CAAN-LA Black History Panel

7 02 2018

“Success is to be measured not so much by the position
that one has reached in life as by the obstacles which he
has overcome while trying to succeed.”
— Booker T. Washington

One of the great privileges of being part of the Columbia College Chicago National Alumni Board is representing the Board at CAAN events. The CAAN-Los Angeles network has been ably built up and guided by Sarah Schroeder, the West Coast Regional Director for Columbia, and her events are always top notch, well represented by our up-and-coming alumni, and well attended.

Yesterday’s Black History Panel featured our Columbia alumni who are also some of the trailblazers and innovators in Black filmmaking and entertainment: Producer-Director-Writer George Tillman, Jr., who has been the creative force behind some of my favorite movies, including the Barbershop films and Men of Honor; Writer-Director-Actor Kenny Young, the genius behind You Can’t Fight Christmas, Chance, and One Week; Producer-Development Executive Crystal Holt, engineer behind Rebel (BET), and The Swap (Disney Channel); Actress Erica Hubbard, who had pivotal roles in Chicago Med, Let’s Stay Together, and Lincoln Heights; Producer Paul Garnes, who gave us Selma, and Queen Sugar; and on-air personality, Grammy-Nominated Music Producer-Songwriter, and co-founder of Da Internz, Marcos “Kosine” Palacios.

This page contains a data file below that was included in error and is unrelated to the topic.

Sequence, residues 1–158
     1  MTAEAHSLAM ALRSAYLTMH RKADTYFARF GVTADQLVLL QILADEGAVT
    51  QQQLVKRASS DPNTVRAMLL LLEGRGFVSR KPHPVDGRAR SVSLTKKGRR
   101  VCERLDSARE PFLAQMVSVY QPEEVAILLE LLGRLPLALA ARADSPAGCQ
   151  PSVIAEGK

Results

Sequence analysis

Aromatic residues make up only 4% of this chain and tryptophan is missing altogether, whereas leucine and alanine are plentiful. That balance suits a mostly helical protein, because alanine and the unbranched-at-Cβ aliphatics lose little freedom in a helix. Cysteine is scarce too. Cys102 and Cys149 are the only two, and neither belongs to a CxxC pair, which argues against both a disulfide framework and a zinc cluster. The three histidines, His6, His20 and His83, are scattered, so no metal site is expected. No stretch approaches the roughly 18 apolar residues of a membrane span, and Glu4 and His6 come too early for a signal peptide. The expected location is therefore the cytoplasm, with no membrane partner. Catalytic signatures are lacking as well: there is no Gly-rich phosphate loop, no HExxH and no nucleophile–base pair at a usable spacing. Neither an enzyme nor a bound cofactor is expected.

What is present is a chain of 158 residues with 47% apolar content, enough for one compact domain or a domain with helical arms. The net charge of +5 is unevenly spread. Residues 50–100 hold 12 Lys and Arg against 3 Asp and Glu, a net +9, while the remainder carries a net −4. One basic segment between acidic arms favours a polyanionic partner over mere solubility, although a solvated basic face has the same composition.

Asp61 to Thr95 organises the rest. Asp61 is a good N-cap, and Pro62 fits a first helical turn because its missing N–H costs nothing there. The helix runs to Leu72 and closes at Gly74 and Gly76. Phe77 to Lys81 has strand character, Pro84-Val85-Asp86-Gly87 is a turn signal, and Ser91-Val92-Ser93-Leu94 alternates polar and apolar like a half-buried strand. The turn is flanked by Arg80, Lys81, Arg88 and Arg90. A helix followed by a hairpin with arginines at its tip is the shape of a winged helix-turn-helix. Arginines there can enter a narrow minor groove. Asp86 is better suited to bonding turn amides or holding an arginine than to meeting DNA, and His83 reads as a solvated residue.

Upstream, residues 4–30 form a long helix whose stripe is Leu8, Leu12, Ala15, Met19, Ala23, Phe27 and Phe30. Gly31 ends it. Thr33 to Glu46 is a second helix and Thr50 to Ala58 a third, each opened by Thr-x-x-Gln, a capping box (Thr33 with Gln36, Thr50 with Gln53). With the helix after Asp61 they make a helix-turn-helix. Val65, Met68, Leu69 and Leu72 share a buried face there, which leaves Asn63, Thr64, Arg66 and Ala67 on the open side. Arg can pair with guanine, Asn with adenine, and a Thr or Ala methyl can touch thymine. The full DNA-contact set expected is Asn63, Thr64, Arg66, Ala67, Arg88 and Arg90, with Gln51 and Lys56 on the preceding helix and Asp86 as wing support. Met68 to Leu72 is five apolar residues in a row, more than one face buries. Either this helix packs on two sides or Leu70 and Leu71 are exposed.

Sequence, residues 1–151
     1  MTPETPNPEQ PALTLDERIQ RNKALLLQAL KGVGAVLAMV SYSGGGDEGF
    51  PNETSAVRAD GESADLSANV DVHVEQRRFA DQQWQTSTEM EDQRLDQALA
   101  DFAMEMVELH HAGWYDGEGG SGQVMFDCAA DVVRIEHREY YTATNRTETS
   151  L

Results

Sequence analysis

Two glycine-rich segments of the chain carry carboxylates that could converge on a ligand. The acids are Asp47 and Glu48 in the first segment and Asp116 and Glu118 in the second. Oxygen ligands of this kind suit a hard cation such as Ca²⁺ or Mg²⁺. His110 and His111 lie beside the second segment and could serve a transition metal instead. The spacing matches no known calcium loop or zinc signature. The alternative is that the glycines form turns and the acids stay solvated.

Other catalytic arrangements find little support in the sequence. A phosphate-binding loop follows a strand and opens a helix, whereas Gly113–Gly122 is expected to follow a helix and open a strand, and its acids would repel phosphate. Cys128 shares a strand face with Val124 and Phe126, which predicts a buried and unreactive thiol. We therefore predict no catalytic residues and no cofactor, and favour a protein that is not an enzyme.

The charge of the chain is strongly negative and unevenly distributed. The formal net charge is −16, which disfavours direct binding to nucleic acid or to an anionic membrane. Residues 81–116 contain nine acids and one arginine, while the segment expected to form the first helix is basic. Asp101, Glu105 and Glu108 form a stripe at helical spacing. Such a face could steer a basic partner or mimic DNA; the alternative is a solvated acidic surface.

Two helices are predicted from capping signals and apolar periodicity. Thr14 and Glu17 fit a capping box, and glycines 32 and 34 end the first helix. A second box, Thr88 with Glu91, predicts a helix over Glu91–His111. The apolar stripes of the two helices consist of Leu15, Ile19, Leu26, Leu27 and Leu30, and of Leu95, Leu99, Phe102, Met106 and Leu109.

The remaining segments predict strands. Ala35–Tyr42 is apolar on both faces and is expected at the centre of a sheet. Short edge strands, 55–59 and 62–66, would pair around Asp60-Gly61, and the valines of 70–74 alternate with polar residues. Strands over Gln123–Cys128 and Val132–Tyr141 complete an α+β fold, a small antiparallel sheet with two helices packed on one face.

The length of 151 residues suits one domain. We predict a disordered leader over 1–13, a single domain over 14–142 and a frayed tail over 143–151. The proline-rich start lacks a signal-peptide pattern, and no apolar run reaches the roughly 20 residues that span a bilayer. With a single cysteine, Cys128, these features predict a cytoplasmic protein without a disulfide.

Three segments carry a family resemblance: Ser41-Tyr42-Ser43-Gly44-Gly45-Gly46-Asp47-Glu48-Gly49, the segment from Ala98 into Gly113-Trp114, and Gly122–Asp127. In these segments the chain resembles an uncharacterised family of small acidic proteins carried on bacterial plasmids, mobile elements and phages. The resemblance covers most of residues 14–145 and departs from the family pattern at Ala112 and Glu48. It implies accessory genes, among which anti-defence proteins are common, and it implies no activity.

The panel was moderated by some really talented and thoughtful Columbia student moderators: Jocelyn Shelton and Marquise Davion.

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Gearing up for our CAAN-LA’s Black History Month Alumni Panel with some fabulous filmmakers and student moderators Marquis Davion and Jocelyn Shelton.

George Tillman, Jr. discussed how he got into film, and how the presence of African-American creators and filmmakers has grown since he first came to Hollywood.

Kosine talked about his journey, encouraged the alumni still pursuing their dreams to simply, “Stay in the game,” and urged that, “Black History Month is a great time for African-Americans to be networking with each other,” and to take advantage of this and motivate each other towards excellence.

As an actress, Erica Hubbard discussed the high bar set by the writing and talent she experienced on the “Lincoln Heights” set, and how it is difficult to accept projects that don’t meet that standard.